Title:

Discrimination Between Reservoir Models in Well Test Analysis

Author:

Toshiyuki Anraku

Year:

1993

Degree:

PhD

Adviser:

Horne

File Size:

5775K

View File:

Access Count:

469

Abstract:

Uncertainty involved in estimating reservoir parameters from a well test interpretation originates from the fact that different reservoir models may appear to match the pressure data equally well. A successful well test analysis requires the selection of the most appropriate model to represent the reservoir behavior. This step is now performed by graphical analysis using the pressure derivative plot and confidence intervals. The selection by graphical analysis is influenced by human bias and, as a result, the result may vary according to the interpreter. Confidence intervals can provide a quantitative evaluation of the adequacy of a single model but is less useful to discriminate between models.

This study describes a new quantitative method, the sequential predictive probability method, to discriminate between candidate reservoir models. This method was originally proposed in the field of applied statistics to construct an effective experimental design and is modified in this study for effective use in model discrimination in well test analysis. This method is based on Bayesian inference, in which all information about the reservoir model and, subsequently, the reservoir parameters deduced from well test data are expressed in terms of probability.

The sequential predictive probability method provides a unified measure of model discrimination regardless of the number of the parameters in reservoir models and can compare any number of reservoir models simultaneously.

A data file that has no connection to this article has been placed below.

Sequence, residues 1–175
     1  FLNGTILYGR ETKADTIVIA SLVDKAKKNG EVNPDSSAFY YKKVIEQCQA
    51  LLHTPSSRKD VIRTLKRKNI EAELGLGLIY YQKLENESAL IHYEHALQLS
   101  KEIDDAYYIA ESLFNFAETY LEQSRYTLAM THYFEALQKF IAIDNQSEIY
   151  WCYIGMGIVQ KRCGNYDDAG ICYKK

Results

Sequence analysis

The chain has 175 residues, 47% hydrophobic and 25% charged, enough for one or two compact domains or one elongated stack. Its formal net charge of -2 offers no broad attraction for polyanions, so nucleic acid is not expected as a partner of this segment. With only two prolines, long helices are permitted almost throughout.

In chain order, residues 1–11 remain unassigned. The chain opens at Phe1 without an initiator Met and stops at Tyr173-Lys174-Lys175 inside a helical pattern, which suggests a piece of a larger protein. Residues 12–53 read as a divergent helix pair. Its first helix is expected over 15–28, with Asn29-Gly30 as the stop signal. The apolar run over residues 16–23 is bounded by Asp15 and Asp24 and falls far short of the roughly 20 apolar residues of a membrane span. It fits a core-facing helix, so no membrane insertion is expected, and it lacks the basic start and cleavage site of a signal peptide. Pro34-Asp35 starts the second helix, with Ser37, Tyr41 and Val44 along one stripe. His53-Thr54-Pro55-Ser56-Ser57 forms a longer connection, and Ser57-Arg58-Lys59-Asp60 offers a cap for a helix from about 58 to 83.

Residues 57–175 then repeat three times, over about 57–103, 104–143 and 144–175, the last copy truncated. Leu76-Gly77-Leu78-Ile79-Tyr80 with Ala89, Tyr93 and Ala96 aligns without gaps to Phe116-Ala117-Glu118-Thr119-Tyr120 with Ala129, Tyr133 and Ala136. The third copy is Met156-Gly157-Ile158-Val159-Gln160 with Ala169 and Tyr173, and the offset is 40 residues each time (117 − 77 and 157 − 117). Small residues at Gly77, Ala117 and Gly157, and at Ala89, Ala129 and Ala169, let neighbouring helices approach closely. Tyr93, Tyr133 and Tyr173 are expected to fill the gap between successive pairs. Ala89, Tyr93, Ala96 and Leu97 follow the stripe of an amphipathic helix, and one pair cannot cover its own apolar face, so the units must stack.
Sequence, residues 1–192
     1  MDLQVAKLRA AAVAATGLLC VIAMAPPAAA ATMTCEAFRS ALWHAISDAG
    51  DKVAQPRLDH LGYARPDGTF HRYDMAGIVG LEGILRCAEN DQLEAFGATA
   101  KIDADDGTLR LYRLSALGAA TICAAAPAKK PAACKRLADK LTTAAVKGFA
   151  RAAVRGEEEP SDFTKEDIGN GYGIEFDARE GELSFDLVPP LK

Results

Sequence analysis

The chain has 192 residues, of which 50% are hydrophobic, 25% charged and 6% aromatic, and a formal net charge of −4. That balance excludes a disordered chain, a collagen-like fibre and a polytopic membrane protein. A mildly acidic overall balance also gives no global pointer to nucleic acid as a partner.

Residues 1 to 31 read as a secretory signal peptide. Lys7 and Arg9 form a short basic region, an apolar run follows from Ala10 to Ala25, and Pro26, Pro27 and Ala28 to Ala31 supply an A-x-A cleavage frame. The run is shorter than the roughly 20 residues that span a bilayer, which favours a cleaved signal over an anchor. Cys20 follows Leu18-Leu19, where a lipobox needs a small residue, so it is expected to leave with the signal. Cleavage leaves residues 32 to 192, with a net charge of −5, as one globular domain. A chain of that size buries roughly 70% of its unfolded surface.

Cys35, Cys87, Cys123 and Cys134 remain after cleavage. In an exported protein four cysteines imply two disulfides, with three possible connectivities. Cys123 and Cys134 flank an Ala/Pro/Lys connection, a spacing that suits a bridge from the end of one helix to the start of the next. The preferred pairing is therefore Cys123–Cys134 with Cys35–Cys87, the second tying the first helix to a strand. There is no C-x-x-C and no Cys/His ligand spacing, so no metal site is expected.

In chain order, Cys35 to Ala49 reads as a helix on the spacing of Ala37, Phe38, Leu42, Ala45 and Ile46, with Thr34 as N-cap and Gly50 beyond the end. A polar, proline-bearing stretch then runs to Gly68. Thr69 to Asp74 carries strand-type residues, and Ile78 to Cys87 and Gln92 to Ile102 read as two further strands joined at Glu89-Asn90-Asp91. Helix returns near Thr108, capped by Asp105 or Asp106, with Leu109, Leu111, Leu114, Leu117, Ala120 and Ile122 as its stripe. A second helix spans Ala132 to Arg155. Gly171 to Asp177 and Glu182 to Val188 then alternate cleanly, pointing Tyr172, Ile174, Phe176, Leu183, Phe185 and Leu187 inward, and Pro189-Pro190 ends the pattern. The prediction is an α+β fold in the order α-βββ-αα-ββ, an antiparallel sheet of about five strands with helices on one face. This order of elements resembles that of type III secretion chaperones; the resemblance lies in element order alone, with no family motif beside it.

Eight fundamental reservoir models, which are the infinite acting model, the sealing fault model, the no flow outer boundary model, the constant pressure outer boundary model, the double porosity model, the double porosity and sealing fault model, the double porosity and no flow outer boundary model, and the double porosity and constant pressure outer boundary model, were employed in this study and the utility of the sequential predictive probability method for simulated and actual field well test data was investigated.

The sequential predictive probability method was found to successfully discrirninate between these models, even in cases where neither graphical analysis nor confidence intervals would work.


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Copyright 1993, Toshiyuki Anraku: Please note that the reports and theses are copyright to their original authors. Authors have given written permission for their work to be made available here. Readers who download reports from this site should honor the copyright of the original authors and may not copy or distribute the work further without the permission of the author, Toshiyuki Anraku.

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